Rushville Republican


August 16, 2012

Barada: We can all learn from the Olympics

RUSHVILLE — I was about to start this column by asking, rhetorically, if you've been watching the Summer Olympics from London. Then, it struck me what a foolish question that would be; who hasn't been watching the Summer Olympics from London? More basically, how could anyone avoid watching at least some of the Summer Olympics from London? After all, they're on three channels, and highlights of the games are on nearly every newscast. This edition of the Olympics has easily been the most widely covered event I can recall. More sports have been televised, I suspect, than ever before. That's due, in part, to the fact that three channels are covering them and also because it seems as if there are more Olympic "sports" to cover than ever before.

Which brings up another point: Who in the world decided synchronized swimming should be an Olympic event? It has to be one of the silliest "sports" anyone could have dreamed up. And why is it just two swimmers? Why not eight or 15 or 27 synchronized swimmers? For that matter, how did beach volleyball, field hockey, badminton, team handball, and table tennis become Olympic events? Well, I think I know how, at least, women's beach volleyball made the Olympics. It has to have something to do with the team uniforms (or lack thereof).

When I think of the Olympic Games, traditional events like track and field immediately come to mind, along with boxing, swimming and diving, basketball, gymnastics, rowing, soccer and tennis. With three channels from which to choose, I have to admit that I saw my first team handball competition just a few days ago. Without a doubt, team handball has to be the silliest event ever invented, second only to synchronized swimming. Team handball is sort of like soccer, sort of like basketball, and a little like water polo (if it's possible to imagine all three of those sports rolled into one).

What's also interesting is that a significant number of events in the Olympics seem to occur only in the Olympics. I can't think of a high school or college that has a table tennis team or a badminton team, and I'm fairly sure there aren't many schools at any level that compete in beach volleyball. One is led to wonder, therefore, how anybody becomes good at the sport when, as far as I know, there just aren't all that many beach volleyball programs in this country. Living in a state with a beach would seem to be a pretty basic prerequisite, but I could be wrong.

On the plus side, participating in the Olympics, regardless of the sport, requires an inordinate amount of hard work, dedication, training, self-discipline and mental toughness, not just for a season, but for at least four solid years of preparation. Most aspiring Olympic athletes do little else but practice their sport for that entire period of time, and longer. If you watch any of the long-distance runners, for example, you won't find one with an extra ounce of flesh. That's a commitment almost impossible to imagine. It's best seen, I think, when one watches our men's and women's gymnastic teams. How strong does one have to be, for instance, to start seated on the mat, lift oneself straight up and then go to a handstand! Or how strong does one have to be to specialize on the flying rings? There are two components that look totally impossible. One is called the "iron cross" which requires the gymnast to hold himself perfectly still with both arms fully extended and parallel to the floor! The other position is called an "inverted iron cross" which requires the gymnast to hold himself in essentially the same position, with the exception of reversing one arm so that one hand is holding a ring palm down and the other hand holding the other ring palm up! To do that exercise must require years of training, weightlifting, and conditioning like no other sport.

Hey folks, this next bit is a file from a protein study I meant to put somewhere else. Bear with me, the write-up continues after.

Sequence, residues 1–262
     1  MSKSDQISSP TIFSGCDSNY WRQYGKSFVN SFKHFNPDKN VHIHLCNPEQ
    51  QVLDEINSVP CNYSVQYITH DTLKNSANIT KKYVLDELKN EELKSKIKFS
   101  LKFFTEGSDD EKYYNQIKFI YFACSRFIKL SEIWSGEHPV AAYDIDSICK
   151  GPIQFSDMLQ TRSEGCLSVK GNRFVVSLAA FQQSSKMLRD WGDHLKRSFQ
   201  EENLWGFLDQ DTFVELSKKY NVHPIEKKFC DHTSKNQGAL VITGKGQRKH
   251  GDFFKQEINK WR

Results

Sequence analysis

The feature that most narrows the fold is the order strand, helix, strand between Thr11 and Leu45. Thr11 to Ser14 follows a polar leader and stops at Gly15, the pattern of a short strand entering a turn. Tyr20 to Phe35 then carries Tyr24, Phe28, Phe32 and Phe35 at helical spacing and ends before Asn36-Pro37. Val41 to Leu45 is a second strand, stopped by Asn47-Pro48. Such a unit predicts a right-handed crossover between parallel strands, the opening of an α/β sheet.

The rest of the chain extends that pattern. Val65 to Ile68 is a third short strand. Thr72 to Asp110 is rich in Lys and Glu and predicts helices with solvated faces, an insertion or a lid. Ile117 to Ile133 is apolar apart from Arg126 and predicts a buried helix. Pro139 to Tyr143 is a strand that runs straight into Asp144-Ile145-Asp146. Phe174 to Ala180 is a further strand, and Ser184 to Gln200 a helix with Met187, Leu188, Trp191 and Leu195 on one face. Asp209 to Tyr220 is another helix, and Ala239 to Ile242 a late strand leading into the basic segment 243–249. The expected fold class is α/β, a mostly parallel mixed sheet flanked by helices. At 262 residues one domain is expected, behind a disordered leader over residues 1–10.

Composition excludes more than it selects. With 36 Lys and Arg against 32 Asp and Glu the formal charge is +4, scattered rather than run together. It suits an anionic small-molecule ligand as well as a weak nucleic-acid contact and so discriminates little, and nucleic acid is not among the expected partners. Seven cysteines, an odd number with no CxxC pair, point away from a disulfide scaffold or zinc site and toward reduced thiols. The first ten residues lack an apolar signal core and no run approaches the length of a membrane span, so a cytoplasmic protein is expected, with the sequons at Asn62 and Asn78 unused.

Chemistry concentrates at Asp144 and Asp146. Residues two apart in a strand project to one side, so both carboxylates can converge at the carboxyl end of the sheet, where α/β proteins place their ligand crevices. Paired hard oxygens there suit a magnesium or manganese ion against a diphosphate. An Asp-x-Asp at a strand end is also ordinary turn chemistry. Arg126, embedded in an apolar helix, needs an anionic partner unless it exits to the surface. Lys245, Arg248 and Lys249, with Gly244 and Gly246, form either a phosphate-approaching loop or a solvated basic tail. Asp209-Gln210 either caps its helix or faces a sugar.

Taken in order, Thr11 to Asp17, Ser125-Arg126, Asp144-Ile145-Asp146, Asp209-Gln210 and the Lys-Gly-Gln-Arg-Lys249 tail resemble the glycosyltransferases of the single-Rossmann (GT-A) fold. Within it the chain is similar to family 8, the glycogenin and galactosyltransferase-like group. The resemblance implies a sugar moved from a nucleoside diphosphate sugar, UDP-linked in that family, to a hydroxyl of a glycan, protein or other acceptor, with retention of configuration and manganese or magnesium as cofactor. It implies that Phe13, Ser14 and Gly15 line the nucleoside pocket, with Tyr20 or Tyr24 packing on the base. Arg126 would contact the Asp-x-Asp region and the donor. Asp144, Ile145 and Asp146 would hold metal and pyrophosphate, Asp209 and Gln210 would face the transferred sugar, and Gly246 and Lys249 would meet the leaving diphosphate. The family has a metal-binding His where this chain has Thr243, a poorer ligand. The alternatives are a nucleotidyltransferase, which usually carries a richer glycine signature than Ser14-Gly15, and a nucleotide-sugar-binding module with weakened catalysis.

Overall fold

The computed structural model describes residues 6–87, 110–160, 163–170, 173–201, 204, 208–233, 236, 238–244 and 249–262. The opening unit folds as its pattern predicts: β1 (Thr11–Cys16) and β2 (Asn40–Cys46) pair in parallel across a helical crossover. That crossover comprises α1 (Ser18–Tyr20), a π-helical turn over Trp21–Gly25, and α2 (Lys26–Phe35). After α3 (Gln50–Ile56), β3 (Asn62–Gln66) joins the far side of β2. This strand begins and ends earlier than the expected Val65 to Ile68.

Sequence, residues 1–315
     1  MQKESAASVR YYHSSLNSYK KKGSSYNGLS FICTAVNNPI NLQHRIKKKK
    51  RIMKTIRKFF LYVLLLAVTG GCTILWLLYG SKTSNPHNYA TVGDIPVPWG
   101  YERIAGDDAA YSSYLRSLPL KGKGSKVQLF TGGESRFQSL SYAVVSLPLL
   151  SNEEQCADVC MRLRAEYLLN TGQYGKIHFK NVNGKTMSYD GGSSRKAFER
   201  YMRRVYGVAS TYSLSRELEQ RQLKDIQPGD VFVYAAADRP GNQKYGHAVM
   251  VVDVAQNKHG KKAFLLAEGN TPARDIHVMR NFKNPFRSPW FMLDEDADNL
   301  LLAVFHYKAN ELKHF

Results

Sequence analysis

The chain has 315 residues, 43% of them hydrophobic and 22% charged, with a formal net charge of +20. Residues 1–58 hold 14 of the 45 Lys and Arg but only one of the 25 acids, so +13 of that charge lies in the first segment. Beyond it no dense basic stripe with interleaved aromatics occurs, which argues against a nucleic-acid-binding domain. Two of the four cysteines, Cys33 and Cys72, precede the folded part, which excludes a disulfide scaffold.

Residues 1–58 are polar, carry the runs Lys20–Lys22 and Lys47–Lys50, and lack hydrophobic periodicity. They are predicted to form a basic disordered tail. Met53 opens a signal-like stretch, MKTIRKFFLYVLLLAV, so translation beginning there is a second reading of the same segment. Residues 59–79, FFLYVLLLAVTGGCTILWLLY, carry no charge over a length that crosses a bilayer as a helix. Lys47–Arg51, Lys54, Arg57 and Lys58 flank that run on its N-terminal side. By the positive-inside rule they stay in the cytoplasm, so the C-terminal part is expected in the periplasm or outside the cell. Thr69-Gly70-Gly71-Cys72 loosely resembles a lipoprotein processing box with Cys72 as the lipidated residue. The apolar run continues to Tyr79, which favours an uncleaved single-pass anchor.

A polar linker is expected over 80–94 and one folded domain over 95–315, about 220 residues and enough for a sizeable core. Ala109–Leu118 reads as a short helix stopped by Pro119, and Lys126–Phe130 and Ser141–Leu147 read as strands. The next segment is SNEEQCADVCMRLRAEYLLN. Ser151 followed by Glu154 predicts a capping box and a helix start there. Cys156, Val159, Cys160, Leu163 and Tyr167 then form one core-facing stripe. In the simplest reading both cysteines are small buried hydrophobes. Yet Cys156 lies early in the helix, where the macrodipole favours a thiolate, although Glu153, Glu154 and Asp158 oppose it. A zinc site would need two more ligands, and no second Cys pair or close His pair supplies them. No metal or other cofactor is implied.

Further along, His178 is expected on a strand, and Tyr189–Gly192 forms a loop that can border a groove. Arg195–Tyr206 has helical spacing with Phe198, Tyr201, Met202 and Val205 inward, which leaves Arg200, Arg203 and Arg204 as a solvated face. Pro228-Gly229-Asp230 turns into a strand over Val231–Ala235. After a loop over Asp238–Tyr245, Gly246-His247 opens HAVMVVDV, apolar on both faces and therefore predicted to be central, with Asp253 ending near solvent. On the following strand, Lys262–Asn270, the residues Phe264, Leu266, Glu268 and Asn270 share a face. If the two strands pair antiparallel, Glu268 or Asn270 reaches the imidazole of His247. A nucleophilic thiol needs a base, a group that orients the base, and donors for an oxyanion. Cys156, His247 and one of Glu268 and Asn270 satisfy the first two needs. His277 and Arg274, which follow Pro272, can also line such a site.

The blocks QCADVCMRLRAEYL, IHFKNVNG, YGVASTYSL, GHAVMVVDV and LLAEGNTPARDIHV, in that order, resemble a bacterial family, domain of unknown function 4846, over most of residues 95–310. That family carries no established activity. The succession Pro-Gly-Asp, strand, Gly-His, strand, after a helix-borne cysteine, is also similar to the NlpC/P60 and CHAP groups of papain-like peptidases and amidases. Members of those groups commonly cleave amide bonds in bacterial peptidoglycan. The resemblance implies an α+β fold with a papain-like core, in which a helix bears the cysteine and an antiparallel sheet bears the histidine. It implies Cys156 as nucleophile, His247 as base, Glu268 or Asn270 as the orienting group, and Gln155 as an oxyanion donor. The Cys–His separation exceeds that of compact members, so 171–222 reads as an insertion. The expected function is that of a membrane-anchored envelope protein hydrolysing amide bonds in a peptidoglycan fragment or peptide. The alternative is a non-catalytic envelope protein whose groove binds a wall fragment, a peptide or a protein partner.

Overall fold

Because of the effort required, regardless of the sport, making the Olympic team is an achievement to which not many can ever aspire. In a society increasingly dependent on government for everything from food stamps to healthcare, it's a wonder we still have athletes willing to make the sacrifice to become an Olympians, let alone to win a bronze, silver or gold medal in competition against the best of the rest of the world. If the rest of us put forth a fraction of the effort our Olympic competitors do, imagine what this nation would be like. We wouldn't need government assistance, regulations, hand-outs, loans, or to be given anything for free. We would all have the ability, desire, and determination to make it on our own. Obesity, homelessness, and indolence wouldn't lead to dependence on anyone else, let alone the government. The fact that we have young men and women willing to prepare themselves for the Olympic Games suggests there's still hope for the rest of us and that we could, if we wanted to, help ourselves without expecting a handout.

Even a sport that strikes me as being as silly as synchronized swimming requires more dedication and determination than most of us can imagine and certainly more commitment than most of us are willing to make to the accomplishment of most things.

If the finest athletes in the world can run 10,000 meters in less than 27 minutes, perhaps more of us should be inspired occasionally to jog around the block!

That's Ñ30Ñ for this week.

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